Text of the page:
Arizona, the nation’s top state for auto theft, may be reversing the trend, says the Arizona Republic. Several cities, including Phoenix and Mesa, are reporting the first significant declines in years during 2003’s first three months. “I think we are right on the verge of bumping Arizona out of the distinction of being Number 1,” said Mikel Longman, Arizona Auto Theft Authority executive director. Since the early 1990s, auto thefts per capita in Arizona have skyrocketed. The state ranked first nationally for auto thefts from 1991 to 2001, according to the Arizona Criminal Justice Commission.
Phoenix reported a 9.6 percent decrease in auto thefts during the first quarter of 2003 compared with the same three months last year, to 10,311 from 11,401.
Among the factors law enforcement officials believe are having an impact are:
• Bait cars. Police plant vehicles in high-crime areas, and when thieves take off, police are able to disable the vehicle and nab them.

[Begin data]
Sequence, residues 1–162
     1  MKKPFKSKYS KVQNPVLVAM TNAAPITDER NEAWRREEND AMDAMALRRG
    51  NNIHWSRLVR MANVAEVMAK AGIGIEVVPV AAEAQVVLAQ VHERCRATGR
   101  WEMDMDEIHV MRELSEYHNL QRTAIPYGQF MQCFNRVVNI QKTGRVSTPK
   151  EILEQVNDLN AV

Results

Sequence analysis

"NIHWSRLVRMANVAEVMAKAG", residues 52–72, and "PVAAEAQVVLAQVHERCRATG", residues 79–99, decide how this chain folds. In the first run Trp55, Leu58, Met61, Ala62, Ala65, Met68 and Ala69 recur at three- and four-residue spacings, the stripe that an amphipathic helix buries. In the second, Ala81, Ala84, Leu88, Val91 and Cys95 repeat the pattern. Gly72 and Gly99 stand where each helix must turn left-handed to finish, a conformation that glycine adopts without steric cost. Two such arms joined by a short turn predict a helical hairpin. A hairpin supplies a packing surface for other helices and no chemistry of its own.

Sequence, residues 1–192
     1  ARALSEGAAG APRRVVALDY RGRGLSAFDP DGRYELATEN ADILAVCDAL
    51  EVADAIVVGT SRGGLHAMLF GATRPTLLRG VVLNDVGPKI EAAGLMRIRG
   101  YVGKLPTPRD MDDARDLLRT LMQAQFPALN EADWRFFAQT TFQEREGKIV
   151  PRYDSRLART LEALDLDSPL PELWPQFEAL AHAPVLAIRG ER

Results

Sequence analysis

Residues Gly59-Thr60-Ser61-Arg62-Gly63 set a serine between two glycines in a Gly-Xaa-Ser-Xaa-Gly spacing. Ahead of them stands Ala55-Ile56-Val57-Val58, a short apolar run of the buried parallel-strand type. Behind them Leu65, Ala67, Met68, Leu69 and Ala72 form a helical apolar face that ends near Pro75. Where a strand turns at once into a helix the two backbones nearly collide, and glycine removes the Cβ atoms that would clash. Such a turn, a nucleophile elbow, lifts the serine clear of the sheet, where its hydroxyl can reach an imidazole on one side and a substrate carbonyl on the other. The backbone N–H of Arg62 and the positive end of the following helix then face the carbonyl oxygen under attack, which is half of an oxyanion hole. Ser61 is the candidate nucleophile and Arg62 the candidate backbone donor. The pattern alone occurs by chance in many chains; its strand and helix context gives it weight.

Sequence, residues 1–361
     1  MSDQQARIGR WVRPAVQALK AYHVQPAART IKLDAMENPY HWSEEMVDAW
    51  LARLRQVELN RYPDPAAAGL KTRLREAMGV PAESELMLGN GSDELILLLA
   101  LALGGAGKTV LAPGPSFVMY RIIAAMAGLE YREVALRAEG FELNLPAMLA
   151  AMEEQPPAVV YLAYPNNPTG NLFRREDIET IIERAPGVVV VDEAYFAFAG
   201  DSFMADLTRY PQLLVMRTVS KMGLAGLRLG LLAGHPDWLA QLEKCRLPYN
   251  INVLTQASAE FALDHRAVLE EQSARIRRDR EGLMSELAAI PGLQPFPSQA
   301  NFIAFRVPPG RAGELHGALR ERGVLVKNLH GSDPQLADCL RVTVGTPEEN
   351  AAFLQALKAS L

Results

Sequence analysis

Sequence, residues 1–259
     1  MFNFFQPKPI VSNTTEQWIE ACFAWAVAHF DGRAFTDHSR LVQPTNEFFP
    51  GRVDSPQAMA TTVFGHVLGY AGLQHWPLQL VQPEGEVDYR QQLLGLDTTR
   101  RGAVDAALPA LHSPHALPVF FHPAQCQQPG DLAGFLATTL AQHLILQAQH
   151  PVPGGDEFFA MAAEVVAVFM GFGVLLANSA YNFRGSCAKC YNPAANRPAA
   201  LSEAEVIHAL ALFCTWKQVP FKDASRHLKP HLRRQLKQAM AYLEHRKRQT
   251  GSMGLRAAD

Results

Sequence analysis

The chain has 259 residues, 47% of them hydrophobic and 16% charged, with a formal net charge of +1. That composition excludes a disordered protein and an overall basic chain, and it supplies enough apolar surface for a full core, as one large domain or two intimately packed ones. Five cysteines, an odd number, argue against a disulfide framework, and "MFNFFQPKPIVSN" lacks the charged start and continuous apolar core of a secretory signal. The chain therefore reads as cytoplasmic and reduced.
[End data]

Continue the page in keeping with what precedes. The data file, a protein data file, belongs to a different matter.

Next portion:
• Free window etching. Police in several cities have held events where vehicle identification numbers are permanently etched on windows, making it costly for thieves to mask the identity of the vehicle and easier for police to find them.
• Public awareness campaigns. They often include distribution of free steering-wheel locks at public-safety fairs, block-watch parties and community events. Police say residents should use a layered approach, with an alarm system, locking windows and doors and having a visual deterrent like a steering-wheel lock.